language injection into string literals

Hi,

I've used the grammarkit to build a custom language integration for the R language. Now I would love to allow for language injection into string literals. I've already prepared my grammar definition to generate a psiclass for string literals. However, I've no real idea how to implement the LangInjectPsiElement interface.

The javadoc of PsiLanguageInjectionHost states that for string literal injection the interface does need to be implemented at all. So maybe it's just about tagging by psiclass in some fancy way and registering it in some extension point?

Could somebody provide a minimalistic example about how to do enable language injection for string literals in custom language plugins? Or lead me to an easy/good example?  

Thanks,
Holger Brandl

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Hello Holger,

I've just pushed simple language injection support to Grammar-Kit.
Please have a look at this commit:
https://github.com/JetBrains/Grammar-Kit/commit/cf5a6b3e9cc3b3b691be6865b7e499a33200e3d2

Regards,
Gregory Shrago

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Hello Gregory,

wow this was a quick and elaborate answer. :-) Thank you very much! Based on your nice example code, I've completed the language injection feature for my R-integration in less than 2hours.

I've one small (unrelated) comment concerning the GrammarKit: Initially, the generated parser of my plugin seemed to be pretty slow for larger documents. So I used yourkit profiler to narrow it down to the call of addVariant in com.r4intellij.lang.parser.GeneratedParserUtilBase#consumeToken. In my case addVariant was eating up half of the parsing time.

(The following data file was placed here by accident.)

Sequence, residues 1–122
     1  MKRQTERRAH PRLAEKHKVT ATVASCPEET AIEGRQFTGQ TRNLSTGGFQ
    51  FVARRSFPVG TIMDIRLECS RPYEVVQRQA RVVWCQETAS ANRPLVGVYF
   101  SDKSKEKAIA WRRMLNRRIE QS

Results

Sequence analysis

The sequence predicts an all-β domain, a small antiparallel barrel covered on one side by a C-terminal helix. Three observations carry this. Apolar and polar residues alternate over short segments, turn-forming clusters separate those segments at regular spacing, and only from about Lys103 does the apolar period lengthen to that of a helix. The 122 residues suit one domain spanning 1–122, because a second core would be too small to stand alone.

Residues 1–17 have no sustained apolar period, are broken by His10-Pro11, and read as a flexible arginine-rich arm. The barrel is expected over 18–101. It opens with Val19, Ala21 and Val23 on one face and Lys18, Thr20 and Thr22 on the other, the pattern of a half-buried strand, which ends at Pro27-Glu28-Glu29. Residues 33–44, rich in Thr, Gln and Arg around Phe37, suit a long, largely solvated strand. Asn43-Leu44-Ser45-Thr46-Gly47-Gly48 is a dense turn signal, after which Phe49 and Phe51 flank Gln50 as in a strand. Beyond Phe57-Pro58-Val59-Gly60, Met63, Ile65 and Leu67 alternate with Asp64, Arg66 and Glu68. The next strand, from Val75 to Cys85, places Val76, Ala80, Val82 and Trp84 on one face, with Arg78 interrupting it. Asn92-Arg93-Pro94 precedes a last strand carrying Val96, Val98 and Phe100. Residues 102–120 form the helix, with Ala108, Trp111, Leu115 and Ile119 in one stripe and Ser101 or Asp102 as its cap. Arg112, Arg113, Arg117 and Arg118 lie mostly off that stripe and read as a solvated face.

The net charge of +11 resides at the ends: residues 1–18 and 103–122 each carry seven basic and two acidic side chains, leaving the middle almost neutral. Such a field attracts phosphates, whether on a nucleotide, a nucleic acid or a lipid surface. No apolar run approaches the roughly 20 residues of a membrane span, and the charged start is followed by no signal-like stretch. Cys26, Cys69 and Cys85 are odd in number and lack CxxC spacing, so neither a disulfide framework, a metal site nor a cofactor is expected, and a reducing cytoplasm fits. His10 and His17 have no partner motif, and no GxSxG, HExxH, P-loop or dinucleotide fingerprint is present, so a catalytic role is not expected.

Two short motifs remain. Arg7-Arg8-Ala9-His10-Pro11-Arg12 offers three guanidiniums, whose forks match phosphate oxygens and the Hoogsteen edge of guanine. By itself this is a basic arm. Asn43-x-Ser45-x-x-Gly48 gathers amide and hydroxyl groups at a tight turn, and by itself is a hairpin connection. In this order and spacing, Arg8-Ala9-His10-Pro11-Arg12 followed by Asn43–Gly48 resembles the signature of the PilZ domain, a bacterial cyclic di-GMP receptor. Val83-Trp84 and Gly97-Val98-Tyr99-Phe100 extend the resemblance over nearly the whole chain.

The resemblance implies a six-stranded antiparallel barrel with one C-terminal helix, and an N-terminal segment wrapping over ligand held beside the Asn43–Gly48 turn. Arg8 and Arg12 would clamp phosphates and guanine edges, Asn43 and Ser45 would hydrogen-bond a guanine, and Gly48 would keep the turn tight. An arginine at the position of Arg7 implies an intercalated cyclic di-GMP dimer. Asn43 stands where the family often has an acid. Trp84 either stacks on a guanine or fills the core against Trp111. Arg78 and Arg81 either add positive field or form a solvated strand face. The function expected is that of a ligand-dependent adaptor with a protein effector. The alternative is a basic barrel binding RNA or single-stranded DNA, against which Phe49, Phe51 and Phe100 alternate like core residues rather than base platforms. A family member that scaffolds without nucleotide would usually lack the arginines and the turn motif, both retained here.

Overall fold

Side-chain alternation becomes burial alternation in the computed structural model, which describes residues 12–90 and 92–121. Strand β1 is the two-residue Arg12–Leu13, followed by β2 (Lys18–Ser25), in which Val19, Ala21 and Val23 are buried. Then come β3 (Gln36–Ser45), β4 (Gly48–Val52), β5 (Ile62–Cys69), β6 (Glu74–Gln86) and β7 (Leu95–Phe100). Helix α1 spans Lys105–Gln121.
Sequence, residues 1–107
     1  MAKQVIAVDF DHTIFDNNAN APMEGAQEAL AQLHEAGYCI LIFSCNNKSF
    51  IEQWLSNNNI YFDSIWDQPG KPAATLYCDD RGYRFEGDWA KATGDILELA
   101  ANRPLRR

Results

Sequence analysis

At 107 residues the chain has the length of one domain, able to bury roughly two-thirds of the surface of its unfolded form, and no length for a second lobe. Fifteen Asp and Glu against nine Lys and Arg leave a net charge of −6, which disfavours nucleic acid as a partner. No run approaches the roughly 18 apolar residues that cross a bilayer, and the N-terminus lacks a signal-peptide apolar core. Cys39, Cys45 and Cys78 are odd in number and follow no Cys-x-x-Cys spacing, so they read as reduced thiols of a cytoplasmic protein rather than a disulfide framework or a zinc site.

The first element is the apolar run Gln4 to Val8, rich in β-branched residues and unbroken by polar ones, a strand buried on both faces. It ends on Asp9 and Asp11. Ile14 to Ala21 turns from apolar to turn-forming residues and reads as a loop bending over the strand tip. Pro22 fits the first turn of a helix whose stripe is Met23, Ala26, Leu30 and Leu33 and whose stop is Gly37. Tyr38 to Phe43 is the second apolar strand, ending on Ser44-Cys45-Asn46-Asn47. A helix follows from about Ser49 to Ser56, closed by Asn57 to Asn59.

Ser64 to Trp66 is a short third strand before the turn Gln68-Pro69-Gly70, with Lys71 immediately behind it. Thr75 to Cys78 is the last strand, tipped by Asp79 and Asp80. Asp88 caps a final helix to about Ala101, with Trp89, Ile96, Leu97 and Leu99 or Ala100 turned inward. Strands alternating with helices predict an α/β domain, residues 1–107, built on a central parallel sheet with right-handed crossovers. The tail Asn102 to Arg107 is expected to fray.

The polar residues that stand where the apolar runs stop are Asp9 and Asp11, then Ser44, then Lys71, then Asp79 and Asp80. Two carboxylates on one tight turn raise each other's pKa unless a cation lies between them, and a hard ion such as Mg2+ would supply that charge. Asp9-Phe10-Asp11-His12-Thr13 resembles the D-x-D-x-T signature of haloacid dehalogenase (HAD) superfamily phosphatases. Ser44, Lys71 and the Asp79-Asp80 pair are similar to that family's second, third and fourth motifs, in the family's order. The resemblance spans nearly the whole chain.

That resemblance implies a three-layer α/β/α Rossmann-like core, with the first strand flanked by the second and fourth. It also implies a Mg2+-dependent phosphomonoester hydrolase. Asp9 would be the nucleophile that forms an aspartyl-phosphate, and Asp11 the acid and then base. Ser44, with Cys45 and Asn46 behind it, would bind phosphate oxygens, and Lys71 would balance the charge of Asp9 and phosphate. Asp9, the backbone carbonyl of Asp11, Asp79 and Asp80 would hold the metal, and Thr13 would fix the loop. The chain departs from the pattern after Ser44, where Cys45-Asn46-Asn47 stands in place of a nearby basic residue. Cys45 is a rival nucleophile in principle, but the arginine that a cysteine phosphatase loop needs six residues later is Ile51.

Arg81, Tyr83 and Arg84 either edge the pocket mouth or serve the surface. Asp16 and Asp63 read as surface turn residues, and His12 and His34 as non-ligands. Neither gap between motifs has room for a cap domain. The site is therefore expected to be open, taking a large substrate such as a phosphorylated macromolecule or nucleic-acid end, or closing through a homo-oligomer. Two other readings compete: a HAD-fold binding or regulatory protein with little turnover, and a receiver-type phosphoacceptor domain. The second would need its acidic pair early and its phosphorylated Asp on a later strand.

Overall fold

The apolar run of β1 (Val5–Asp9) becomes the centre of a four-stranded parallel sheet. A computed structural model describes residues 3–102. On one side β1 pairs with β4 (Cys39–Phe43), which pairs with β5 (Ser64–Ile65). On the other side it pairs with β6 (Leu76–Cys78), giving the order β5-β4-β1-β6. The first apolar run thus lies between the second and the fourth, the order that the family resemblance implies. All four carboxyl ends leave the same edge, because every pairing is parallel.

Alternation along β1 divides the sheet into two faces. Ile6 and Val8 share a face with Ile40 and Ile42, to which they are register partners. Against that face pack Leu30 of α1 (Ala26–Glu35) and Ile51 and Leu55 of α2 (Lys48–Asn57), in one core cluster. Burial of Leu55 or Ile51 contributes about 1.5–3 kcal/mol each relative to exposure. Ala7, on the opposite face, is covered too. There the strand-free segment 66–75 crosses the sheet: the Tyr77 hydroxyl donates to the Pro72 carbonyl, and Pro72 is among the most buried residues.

Because I use a custom completion provider, I didn't seem to need the variants, so I commented addVariant out which dramatically speeded up the generated parser.
Maybe this problem is due to my grammar definition, but I think it's because of the while loop in addVarant which might eat up lot of time when having many variants (like in a longer document).

Best,
Holger

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Hello Holger,

GeneratedParserUtilBase#addVariant collects values for error reporting as well as for optional parser-based completion.
I'm sure you don't want to switch syntactic errors off so I've tuned performance a bit (Yourkit reports ~10 times faster processing).
Please try the latest GeneratedParserUtilBase:
https://github.com/JetBrains/Grammar-Kit/blob/master/support/org/intellij/grammar/parser/GeneratedParserUtilBase.java

Regards,
Gregory Shrago

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Hi Gregory,

I'm looking at yout commit and if I get it right, you did basically two things:
1/ allow injection to a string literal, by BngStringImpl implements PsiLanguageInjectionHost
2/ allow the string literal to be modified from another editor window, by attaching AbstratcElementManipulator to BnfStringLiteralExpressionImpl in config.xml

It seems to me, that the first step should be enough to support language injection, isn't it? I mean in terms of syntax highlighting, parsing, validations, ...
Or do I always need the second step to be implemented as well? If so, why is this needed (if I don't need editing in another editor window)

Thanks for info

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Jan,

You're right, the 2 step is optional but very useful. Lots of IntelliJ platform functionality depends on ElementManipulator API: reference providers, inspections. In case manipulator is available you can get this functionality (and whatever shows up in future) in your PSI for free.
It also helps to avoid code duplication by keeping "range-in-element" logic in one place.

Gregory Shrago

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Hello Gregory,

I\ve tried your updated version of GPUB, and indeed it is much faster than before. :-)  Now It's really the different parser routines generated by the GrammarKit which consume most of the parsing time (which is how it should be). So possible perfomance bottlenecks are caused by inefficient grammar rule definitions, and by running yourkit against my parser again, I could identify (and fix!) some bad examples in my own grammar.

Thanks again for your fast support,
Holger Brandl

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